I love soft, marinated peppers with good bread to dip in the marinade and scoop up the peppers with. I found this recipe in my new cookbook which is proving a very good purchase. This recipe uses romano peppers which visually look good on the table as well as tasting a wee bit more subtle than bell peppers.
6 romano peppers 120ml olive oil 2.5 tbsp finely chopped coriander 2.5 tbsp finely chopped flat leaf parsley 1 garlic clove, crushed 3 tbsp cider vinegar 100g rocket 200g of your chosen cheese - mozzarella or feta sea salt and black pepper Bake or buy your favourite bread
Spread the peppers out on a roasting tin, drizzle with 2 tbsp olive oil and sprinkle with salt and pepper Mix well and roast for 15 minutes at 200/G 6 While the peppers roast, mix the parsley, coriander, garlic and vinegar and 80 ml of the olive oil - season to taste Put the warm peppers in a bowl and mix in the marinade - leave at room temprature for at least 2 hours
To serve, warm your bread, spread the rocket out on a plate and lay over the peppers Spoon the marinade over the peppers and break your cheese into chunks over the peppers Serve with the warm bread and be ready to be licking your fingers clean!
For this version I used organic feta which worked well. I haven't tried the mozzarella yet - I also think a good sharp parmesan would be good.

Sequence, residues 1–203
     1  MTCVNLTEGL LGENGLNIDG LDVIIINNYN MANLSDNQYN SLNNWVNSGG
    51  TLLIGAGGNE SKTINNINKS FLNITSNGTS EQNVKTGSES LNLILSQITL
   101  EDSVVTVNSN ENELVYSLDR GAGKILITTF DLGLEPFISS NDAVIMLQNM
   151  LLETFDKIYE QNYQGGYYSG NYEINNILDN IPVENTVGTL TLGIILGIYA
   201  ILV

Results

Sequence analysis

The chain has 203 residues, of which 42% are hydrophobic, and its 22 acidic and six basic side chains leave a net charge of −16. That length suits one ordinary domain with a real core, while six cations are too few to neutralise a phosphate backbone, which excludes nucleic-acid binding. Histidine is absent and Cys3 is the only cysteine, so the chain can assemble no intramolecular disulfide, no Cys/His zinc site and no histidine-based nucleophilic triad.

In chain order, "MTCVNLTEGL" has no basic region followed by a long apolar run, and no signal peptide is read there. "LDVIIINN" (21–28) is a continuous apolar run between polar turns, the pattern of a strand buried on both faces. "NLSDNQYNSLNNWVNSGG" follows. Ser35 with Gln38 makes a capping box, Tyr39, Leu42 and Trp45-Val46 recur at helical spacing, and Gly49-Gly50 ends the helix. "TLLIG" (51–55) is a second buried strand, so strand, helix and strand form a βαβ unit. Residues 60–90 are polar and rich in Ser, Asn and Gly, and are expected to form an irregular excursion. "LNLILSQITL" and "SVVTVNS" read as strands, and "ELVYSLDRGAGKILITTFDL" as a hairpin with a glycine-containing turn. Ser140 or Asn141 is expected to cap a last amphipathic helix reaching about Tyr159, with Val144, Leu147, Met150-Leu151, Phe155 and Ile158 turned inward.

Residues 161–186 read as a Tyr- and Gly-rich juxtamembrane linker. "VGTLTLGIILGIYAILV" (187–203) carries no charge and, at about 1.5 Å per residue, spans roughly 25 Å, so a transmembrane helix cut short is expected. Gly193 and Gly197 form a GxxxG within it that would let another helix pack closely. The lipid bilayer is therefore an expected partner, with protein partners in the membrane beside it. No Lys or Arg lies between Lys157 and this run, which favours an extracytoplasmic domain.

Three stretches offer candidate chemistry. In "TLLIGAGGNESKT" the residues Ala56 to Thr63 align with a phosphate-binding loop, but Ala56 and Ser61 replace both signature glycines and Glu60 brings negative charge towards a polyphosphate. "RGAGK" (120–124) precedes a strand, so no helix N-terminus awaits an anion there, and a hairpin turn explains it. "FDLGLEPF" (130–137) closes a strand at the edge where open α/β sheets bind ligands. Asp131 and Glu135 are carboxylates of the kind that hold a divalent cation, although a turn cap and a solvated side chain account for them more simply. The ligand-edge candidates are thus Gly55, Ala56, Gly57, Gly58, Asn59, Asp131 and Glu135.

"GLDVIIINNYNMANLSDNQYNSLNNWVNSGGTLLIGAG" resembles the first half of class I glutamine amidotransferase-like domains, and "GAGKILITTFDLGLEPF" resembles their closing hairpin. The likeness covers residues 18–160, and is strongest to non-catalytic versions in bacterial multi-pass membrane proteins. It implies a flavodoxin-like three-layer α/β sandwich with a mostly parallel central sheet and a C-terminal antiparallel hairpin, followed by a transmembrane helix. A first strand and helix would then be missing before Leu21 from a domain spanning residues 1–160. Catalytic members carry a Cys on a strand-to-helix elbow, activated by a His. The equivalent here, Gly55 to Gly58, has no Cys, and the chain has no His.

I have recently bought the Ottolenghi cookbook - I haven't been to their restaurant in London yet although the recipes and description of their food philosophy in the book means a visit is most definitely on the cards. I bought the book partly because the reviews were good and partly because of the look of the book. Superficial maybe, but if a cookbook looks simple and well designed then often the food is too.
I wanted to try something new but easy and with a health kick to it - and some punchy but clean flavours - so went for the marinated turkey breast with cumin, coriander and white wine served with chargrilled broccoli with chilli and garlic. I love broccoli - it is one of my favourite vegetables - but there aren't a lot of recipes about for it that arean't focused on cheesy or creamy sauces. For the turkey A turkey breast or turkey fillets 4 tbsp mint leaves 4 tbsp parsley leaves 4 tbsp coriander leaves 1 garlic clove, peeled 60ml lemon juice 60ml olive oil 125ml white wine half a tsp ground cumin half a tsp salt half a tsp black pepper
This makes enough for 4-6 but I halved the quantities for this occasion. Usually I would make the 4-6 in order to have enough for the next night.
Put everything apart from the turkey into a food processor and whizz it all up to make the marinade Put the meat into a non-metallic container and pour over the marinade, massaging it into the meat
Cover and leave in the fridge over night Take the turkey out of the fridge and let it come to room temperature Place turkey in a roasting tin - reserving the marinade - and roast at 220/G 7 for 15 minutes and then 180/G 4 for 30-45 minutes if using turkey breast. If using fillets roast at 200/G6 for 20-30 mins Put the marinade in a small pot and heat up, reduce by about half, season to taste When the turkey is ready let it rest for ten minutes then slice it thinly and serve with the sauce
For the broccoli 1 head of broccoli 55ml olive oil 2 garlic cloves thinly sliced 1 mild red chilli thinly sliced sea salt and black pepper toasted flaked almonds [if you have them, I had forgotten about them!] thin slices of lemon to garnish